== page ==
Do You Really Want Your Plane to be That Plain?

A smoothing plane

A smoothing plane (Photo credit: Wikipedia)

Human beings. As a race, we are practically overflowing with diversity. Not the type of diversity constantly reported by our news media (I’ll leave that to our brain-dead elected officials in our nation’s capital), but the type that goes along with the old adage: “Doctor, lawyer, Indian chief, etc.”

From the time of Adam and Eve, man has come up with as many things to keep himself occupied as there are people in existence. The thing I cannot seem to wrap my brain around is that the farther we progress, the more we seem to resist that progression.

Now as I have mentioned in previous blogs, I used to be a carpenter by trade. From the time man started to work in wood, he has devised new tools. And as these tools were used within the trade, new innovations made them more practical and productive. If you look back, we’ve come from sharpening arrows with pieces of flint to sliding an unfinished piece of wood into a machine and having a finished product emerging from the other end.

Now I’ll admit, as a wood worker, when I’m crafting something as small as a cabinet or something as large as a house, I want that feeling of satisfaction that would not be possible if I were to use a machine to do all the work.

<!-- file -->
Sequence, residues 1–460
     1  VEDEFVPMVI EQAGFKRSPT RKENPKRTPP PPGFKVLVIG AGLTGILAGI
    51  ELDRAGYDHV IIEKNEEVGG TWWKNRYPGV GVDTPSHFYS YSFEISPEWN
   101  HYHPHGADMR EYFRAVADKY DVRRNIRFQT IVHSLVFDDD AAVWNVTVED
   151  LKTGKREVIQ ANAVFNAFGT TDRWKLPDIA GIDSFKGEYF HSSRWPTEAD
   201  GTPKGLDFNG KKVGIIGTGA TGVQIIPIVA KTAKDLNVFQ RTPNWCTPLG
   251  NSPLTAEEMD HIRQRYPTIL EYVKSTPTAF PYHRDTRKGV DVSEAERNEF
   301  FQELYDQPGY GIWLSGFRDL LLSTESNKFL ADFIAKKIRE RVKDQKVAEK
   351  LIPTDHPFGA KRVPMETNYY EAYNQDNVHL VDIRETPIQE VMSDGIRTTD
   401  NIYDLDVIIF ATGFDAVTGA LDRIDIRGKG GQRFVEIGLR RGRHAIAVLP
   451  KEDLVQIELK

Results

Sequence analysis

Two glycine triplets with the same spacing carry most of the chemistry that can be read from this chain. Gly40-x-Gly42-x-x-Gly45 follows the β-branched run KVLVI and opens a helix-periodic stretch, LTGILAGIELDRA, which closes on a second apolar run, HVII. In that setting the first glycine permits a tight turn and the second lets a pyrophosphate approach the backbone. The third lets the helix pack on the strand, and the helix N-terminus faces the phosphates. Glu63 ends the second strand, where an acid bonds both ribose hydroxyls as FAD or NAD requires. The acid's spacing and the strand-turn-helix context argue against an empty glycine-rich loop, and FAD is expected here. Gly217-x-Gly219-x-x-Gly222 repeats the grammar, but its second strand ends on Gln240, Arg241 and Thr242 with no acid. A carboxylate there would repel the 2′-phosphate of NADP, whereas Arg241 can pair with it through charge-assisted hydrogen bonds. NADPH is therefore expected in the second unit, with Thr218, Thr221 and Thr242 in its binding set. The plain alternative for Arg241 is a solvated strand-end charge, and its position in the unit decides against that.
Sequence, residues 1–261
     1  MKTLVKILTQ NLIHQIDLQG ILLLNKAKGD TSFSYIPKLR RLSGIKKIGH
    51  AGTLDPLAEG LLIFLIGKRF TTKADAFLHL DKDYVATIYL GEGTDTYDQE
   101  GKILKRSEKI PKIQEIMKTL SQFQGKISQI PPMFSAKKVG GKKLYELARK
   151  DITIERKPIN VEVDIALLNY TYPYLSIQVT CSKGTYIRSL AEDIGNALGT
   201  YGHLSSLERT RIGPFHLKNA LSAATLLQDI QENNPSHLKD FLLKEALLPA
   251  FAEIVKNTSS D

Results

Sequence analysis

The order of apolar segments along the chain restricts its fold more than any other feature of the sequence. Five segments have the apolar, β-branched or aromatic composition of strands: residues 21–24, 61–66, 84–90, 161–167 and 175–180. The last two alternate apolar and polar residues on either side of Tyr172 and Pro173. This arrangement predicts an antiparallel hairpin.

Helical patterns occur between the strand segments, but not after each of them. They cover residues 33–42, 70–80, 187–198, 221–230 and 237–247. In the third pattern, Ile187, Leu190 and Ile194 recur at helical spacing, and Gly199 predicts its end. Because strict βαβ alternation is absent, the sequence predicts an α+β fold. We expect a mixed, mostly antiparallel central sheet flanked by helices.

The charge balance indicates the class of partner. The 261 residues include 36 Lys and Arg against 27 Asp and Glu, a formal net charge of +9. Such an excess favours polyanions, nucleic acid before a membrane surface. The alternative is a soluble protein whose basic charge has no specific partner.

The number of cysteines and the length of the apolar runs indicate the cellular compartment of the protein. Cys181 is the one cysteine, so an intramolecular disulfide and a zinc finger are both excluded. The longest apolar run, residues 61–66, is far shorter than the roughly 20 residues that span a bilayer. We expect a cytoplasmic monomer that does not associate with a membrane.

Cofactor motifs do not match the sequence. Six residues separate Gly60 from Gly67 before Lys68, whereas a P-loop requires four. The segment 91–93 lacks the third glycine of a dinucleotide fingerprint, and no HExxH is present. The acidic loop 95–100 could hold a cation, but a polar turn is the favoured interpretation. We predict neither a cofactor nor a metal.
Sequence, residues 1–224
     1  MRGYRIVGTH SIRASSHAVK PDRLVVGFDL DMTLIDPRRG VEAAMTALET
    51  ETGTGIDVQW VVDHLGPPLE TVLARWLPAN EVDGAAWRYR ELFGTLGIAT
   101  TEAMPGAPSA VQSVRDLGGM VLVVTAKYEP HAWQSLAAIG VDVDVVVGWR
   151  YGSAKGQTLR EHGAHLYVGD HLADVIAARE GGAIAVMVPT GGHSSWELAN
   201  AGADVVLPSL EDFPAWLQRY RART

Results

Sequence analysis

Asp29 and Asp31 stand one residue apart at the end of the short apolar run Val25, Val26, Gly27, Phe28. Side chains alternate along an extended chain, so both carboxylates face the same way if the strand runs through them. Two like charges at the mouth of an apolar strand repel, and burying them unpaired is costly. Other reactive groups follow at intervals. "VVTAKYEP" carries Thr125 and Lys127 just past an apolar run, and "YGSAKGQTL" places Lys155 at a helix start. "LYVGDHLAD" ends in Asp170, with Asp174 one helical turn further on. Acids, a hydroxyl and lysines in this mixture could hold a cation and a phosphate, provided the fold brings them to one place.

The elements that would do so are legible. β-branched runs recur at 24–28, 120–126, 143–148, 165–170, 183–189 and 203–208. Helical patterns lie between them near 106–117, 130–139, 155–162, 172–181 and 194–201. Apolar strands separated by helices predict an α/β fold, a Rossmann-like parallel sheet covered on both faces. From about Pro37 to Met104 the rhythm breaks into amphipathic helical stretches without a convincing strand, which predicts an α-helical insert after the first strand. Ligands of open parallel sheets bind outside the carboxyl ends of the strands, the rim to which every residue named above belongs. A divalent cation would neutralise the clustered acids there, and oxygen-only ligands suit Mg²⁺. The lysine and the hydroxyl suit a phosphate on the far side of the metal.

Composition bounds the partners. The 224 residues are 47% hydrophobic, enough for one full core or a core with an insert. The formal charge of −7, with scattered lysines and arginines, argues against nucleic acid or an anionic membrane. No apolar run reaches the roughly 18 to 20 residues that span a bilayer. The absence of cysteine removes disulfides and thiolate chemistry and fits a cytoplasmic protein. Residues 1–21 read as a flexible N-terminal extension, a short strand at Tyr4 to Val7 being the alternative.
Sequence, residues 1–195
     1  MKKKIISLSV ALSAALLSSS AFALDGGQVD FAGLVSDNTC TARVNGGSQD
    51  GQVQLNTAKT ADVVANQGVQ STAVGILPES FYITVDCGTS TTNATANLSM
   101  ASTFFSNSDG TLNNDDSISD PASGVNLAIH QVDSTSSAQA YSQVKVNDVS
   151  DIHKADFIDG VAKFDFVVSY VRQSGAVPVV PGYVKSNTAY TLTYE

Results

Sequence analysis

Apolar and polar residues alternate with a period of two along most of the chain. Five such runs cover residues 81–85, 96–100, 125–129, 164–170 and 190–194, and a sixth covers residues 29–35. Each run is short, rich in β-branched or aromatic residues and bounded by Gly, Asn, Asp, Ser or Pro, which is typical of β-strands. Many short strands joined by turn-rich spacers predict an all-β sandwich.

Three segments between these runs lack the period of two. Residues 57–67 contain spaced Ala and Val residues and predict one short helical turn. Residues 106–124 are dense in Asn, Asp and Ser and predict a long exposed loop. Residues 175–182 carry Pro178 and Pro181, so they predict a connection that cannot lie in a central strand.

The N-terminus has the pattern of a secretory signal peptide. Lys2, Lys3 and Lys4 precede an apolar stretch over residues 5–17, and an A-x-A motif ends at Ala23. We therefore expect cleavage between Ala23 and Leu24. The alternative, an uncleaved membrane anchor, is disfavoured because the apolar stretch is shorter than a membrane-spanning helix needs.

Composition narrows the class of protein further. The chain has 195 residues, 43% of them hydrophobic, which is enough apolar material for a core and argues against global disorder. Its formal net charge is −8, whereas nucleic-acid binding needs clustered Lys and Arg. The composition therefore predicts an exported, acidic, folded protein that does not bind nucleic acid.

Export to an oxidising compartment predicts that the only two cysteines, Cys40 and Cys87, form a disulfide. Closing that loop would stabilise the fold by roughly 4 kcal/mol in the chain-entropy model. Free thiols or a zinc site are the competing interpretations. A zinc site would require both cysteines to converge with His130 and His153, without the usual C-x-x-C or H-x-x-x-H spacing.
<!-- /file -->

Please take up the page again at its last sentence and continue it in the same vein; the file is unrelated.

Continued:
However, I do want to take advantage of the technological advances that have been made with tools over the years. For instance, I prefer ripping a piece of plywood with a handsaw as opposed to a circular saw,or planing a ten-foot piece of oak with a hand-plane instead of a floor-mounted motorized plane.

Now here is what I find to be a little quirky: Why do people who have access to modern tools insist on crafting projects using tools which may be centuries old? Now by no means am I trying to attach a negative connotation to this practice. I try to embrace a live-and-let-live philosophy. Truth be told I’ve adopted several “no progress” policies myself, … but that’s another post.

Another example: We have developed the clearest and most distortion-free sound by way of the compact disc, and yet I know some people who still listen to vinyl, cassettes and get this: eight-track tapes. Again, I’m just sayin’…

Even as I write this post, with as many corrections and changes as I’ve made, I cannot imagine having to pen this with anything other than a computer.

Once again, I find myself nearing the end of another post…or do I?

Stop by next week, I’m feeling a “To be continued” in the making.

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